Poverty drives recruitment of child soldiers in Yemen
The numbers of child soldiers in Yemen has grown alarmingly as the civil war drives both sides to seek further recruits. The conflict has legitimised the illegal war in the Arab world's most impoverished country.
Reports have repeatedly highlighted the plight of malnourished and famished children in the country. Sadly, this humanitarian crisis gives rise to multifaceted troubles. It begets further perils and crises. One stark example is the rise of child soldiers.
As the war drags on, children have been used to fuel the conflict. They are lured into joining the battlefields out of need for money or as a result of intentional deceptive persuasion and exploitation at the hands of warring rivals.
The parties to the conflict propagate their fighting ideas among children who feel aimless, as schools are no longer their daily destination. The war has disrupted education in the country, wreaking havoc on the lives of children across the land.
Since March 2015, at least 1,500 child soldiers have been documented by Amnesty International. This may not be the full figure. It could be just a fraction of the true number of child soldiers nationwide. Reports regarding child soldiers in Yemen unveil only the tip of the iceberg. Previous reports revealed that a third of Yemen's fighters in the civil war are children.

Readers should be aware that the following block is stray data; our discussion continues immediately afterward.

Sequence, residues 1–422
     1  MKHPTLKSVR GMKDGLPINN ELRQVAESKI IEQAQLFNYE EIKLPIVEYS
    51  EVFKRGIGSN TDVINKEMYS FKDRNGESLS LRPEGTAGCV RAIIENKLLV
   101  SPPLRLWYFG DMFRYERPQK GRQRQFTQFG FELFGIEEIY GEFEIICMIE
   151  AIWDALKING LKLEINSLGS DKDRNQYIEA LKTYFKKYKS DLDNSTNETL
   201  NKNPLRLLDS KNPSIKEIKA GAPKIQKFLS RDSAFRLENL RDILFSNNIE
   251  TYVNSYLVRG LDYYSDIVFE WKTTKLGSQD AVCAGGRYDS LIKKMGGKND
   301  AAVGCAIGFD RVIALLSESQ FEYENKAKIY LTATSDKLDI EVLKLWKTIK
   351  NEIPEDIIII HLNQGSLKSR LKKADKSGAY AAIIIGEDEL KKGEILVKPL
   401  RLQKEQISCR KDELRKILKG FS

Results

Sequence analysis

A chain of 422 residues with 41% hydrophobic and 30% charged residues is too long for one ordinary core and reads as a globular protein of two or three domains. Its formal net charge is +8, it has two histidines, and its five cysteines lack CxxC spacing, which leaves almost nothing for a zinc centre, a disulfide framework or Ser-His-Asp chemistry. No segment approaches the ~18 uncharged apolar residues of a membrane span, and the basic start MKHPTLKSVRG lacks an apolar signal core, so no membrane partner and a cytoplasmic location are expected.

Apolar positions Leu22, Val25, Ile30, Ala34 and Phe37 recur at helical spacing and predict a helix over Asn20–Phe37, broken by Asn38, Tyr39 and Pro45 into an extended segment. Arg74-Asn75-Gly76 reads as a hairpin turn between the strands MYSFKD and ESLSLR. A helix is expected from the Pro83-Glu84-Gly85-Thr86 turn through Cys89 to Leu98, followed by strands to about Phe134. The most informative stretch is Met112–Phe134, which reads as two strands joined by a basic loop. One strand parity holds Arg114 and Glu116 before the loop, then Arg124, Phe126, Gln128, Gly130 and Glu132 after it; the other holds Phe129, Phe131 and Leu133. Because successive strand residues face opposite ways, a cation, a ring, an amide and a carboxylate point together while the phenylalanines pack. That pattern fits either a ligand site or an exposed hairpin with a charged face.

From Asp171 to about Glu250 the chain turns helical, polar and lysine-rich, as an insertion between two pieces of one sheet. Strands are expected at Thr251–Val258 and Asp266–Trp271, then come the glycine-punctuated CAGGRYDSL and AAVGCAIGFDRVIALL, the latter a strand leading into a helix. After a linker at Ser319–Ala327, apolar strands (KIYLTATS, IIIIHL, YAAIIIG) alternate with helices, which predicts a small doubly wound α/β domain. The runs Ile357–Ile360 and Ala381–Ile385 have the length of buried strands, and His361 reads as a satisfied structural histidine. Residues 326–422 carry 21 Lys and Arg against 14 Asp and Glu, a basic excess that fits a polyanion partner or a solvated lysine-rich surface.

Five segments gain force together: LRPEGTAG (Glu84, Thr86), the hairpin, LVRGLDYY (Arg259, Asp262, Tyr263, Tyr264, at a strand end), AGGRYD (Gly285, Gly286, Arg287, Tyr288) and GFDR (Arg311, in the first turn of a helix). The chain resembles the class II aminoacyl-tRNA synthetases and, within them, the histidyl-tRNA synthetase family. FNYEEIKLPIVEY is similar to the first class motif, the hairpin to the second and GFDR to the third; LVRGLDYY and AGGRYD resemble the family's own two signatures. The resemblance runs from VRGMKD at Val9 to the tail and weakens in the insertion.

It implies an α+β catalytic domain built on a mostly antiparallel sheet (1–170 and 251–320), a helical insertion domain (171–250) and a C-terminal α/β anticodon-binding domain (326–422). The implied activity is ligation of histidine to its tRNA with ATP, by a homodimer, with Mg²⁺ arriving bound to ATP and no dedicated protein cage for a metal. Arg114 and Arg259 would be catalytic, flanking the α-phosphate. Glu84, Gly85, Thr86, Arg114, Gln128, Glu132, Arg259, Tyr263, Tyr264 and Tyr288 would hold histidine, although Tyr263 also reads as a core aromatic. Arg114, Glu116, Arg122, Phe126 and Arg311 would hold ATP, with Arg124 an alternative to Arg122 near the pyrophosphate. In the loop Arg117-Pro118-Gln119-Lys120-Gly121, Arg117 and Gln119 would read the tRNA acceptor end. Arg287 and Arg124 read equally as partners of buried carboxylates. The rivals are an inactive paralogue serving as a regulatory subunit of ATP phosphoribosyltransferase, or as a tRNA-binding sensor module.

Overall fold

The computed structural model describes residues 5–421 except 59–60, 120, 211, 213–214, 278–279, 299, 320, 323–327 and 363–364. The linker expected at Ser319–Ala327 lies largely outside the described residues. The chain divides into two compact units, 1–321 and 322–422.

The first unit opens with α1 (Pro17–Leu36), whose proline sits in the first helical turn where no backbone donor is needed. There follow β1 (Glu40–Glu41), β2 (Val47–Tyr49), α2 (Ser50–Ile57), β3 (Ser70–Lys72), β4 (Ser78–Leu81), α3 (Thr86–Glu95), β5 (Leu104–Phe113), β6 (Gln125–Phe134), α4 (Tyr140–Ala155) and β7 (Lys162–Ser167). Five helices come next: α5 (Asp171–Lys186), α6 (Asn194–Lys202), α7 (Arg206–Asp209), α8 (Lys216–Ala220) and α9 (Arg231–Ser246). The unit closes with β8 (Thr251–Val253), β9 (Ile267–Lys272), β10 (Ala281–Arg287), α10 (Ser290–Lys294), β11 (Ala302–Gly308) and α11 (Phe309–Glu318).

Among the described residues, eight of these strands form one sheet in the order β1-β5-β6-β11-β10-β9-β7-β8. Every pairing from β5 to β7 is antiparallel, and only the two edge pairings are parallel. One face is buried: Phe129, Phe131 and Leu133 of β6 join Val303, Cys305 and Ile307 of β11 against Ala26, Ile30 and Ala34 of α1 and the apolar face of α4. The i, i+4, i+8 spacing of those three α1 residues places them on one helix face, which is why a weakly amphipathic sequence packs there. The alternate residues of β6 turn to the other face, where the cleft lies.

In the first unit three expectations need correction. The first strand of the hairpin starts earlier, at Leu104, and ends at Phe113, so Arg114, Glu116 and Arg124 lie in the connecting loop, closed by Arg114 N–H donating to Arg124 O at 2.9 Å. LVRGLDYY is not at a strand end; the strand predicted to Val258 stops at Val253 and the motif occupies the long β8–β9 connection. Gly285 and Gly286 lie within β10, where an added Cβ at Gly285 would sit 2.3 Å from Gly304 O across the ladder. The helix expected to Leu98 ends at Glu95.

Child soldiers are not confined to joining the bloody front lines. Children are also used to staff check points, transport ammunitions or food for the fighters - or perform espionage and any other tasks associated with warfare.
Several groups are fighting in Yemen. These groups intentionally resort to attracting children to the battlefields. According to Amnesty International, the Houthi militants, Al-Qaeda, pro-government militias and numerous divisions of government armed forces have all been capitalising on children's innocence, deploying them for military purposes.
Seeking martyrdom or money?
Child soldiers of Yemen go to the battlefields with two things in mind: money and paradise. Several families know that their children have been fighting in some parts of the country.
Some children look for income to provide for their families. Other children believe that they will go to heaven if they get killed in battle.